Momis backs Chinese Special Economic Zone on Bougainville

Bougainville President, John Momis, has gone on Radio Australia to declare his support for plans by the Chinese to build a huge Special Economic Zone on Papua New Guinea's Bougainville island.

Special Economic Zones are fenced enclaves where foreign businesses are given special incentives including tax free status to set up manufacturing industries. SEZs have been heavily criticized in other country's for promoting low wages, poor health and safety standards and environmental damage.

The International Finance Corporation, a division of the World Bank, is currently drafting laws to allow the first SEZs to be declared in PNG - read more.

MOMIS: They are responding to our call for foreign investors to invest in Bougainville to help the Autonomous Bougainvile government (ABG) and the people of Bougainville to develop their huge natural resources and by doing so enable the Bougainvilleans to become beneficiaries of the development of their resoureces, instead of just being owners of the resource. In respone to that, the Chinese have been coming to Bougaoinville to look at a number of potential economic projects one of which is the proposal to set up a Special Economic Zone on the northern tip of Bougainville Island including eventually, I suppose, the building of the Buka Passage Bridge to connect Buka Island with Bougainville.

GARRETT: Some reports say the plans entail a 1.2 billion Kina (AUD$480 millon) investment and the building of a new city. Is that correct?

MOMIS: That was put to the Bougainville Business Association and the ABG. I, personally, am not well informed on the exact amount of money that is required but I know of the fact that they are making a proposal to build a modern township that would attract tourists and other investors to come and invest their money to develop projects such as steel prefab housing materials, hotels and things like that. Because Buka Island and the Buka P assage and the surroundings, which includes the northern tip of Bougainville is potentially a very, very rich beautiful tourism hub of Bougainville.

GARRETT: Special Economic Zones are controversial but you actually asked the Chinese to put a proposal involving a Special Economic Zone. Why?

MOMIS: That is correct. Special Economic Zone has been talked about in PNG. It has been tried in Lae, and a couple of other places, but the government of Papua New Guinea and, I guess others, have not had the expertise nor the capital available to develop them. You need, I presume, a lot of money and I think chinese capitalists, or Chinese investors, would have that kind of money. We would provide as partners the rich resources that we have and negotiate something that would be mutually beneficial. We have engaged, ..the ABG I mean, has engaged an expert from New Zealand who is going to give us independent advice as to how we should go about stiking a win-win deal.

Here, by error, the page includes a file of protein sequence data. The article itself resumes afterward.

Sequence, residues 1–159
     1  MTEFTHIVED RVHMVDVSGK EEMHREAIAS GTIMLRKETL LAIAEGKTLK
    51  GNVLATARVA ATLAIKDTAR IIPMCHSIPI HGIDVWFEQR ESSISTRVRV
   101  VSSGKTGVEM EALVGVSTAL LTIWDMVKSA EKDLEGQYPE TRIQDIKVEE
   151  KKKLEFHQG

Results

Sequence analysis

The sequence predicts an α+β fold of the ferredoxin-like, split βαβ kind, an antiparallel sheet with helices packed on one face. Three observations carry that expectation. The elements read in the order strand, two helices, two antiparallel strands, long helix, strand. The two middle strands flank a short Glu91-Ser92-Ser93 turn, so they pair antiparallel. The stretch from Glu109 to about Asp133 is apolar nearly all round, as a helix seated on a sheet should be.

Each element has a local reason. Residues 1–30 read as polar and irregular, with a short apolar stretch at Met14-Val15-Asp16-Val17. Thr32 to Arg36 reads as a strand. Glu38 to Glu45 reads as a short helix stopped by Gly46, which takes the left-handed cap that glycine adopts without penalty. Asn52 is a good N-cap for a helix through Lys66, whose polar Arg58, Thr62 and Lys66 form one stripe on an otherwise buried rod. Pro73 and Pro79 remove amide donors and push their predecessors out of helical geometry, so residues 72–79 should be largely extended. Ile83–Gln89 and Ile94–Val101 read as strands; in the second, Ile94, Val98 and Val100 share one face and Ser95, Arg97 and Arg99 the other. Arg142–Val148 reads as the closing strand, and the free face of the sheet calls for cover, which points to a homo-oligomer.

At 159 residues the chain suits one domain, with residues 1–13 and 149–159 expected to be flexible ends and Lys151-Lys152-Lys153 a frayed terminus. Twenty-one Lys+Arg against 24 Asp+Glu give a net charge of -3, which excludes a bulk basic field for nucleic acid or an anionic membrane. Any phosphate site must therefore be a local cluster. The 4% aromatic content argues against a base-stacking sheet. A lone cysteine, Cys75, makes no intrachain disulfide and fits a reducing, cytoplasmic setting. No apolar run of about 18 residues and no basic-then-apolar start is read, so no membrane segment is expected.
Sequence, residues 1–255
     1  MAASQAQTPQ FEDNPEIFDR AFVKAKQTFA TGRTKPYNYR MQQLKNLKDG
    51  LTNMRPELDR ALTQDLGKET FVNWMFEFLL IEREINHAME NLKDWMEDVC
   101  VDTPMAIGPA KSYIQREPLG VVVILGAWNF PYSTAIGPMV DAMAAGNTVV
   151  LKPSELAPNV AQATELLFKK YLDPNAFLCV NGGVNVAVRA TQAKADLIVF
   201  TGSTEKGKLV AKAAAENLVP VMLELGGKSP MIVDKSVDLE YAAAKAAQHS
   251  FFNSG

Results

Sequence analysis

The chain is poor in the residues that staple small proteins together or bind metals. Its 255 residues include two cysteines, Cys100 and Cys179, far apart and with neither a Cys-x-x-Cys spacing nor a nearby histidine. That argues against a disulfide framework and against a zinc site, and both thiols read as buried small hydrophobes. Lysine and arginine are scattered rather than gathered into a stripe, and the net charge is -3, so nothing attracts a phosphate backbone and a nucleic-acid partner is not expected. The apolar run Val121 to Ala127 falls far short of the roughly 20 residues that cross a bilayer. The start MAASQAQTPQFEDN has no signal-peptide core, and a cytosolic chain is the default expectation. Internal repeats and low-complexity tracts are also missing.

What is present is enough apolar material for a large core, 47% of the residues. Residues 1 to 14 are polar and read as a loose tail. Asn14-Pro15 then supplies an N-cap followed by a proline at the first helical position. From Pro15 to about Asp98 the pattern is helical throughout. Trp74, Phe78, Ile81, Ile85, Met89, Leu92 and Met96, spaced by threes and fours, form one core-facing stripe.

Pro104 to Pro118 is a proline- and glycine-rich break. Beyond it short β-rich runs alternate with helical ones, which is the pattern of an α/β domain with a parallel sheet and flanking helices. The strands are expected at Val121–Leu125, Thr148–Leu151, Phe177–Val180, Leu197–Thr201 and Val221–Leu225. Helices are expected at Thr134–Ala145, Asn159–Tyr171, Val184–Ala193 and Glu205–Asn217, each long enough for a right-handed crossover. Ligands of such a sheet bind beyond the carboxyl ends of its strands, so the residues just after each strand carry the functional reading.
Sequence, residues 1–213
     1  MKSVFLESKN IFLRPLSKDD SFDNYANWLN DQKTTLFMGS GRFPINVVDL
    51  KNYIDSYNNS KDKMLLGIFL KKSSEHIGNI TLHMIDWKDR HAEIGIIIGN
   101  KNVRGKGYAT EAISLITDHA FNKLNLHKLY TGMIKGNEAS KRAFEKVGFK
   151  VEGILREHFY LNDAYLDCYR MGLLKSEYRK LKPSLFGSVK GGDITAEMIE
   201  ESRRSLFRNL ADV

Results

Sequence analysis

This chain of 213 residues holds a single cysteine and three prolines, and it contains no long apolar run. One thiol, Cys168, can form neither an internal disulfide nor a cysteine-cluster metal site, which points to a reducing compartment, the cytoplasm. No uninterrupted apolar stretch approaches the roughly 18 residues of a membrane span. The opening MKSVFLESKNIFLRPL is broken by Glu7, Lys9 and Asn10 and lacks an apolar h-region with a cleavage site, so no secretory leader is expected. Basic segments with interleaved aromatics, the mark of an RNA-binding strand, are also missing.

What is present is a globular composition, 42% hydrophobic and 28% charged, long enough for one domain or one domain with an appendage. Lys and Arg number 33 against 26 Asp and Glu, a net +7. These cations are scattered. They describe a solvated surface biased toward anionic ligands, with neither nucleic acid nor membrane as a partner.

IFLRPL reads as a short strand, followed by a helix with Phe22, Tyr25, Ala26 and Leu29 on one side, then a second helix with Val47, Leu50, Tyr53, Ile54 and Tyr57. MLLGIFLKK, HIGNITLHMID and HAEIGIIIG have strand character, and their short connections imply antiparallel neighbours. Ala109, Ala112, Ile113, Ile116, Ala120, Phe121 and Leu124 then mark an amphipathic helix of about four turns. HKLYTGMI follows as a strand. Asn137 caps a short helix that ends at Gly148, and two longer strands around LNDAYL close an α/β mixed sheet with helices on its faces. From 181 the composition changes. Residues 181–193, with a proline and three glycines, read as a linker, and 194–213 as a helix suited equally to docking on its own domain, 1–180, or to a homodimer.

GARRETT: You had one group of Chinese investors last week and I understand another group went over on Saturday. What are you hoping to see come out of that?

MOMIS: Three Chinese came went over last week, one of whom is our representative in China who travels throughout China to potential investors. The other one was the architectural engineer who is looking at the proposed site for the Special Economic Zone; the buildings and so on and so forth. And just a couple of days ago a group went over who are interested in mining and construction of a hydro project.

GARRETT: Turning now to PNG politics, is the current instability in the PNG government affecting Bougainville?

MOMIS: The instability in the government does worry us. We would hope that things would be stabilised and that the commitment that the National government has made to Bougainville, especially in the Bougainville Peace Agreement and the other subsequent commitments such as the K500 million that has been pledged to be given to Bougainvile in the next five years and K15 million that is a requirement of the Bougainville Agreement, would flow to Bougainville, without disturbance, I suppose. And also the good relationship we need to have. The rapport we need to have between Bougainville and Papua New Guinea is crucially important to manage the issues of referendum, issues of Bougainville being given the best opportunity to enjoy in ful its automomy, in order to be ready for the referendum to be held in a responsible way.

GARRETT: There have been reports of severe food shortages on Bougainvile's atoll islands. how is the Bougainville government responding?

MOMIS: I understand that the administration is deaing with the issue. this is a perennial problem that Bougainville has and it is not made easy, in any way, by the fact that the administration has very meagre resources at our disposal to deal with this sort of thing. our budgetry allocation is usually for recurrent activities. I am hoping that the administration will have adequate funding. If they don't have enough then they should contact the National Emergency department, in Port Moresby, to get the extra funding which we need to provide food and make provisions for the people of the atolls.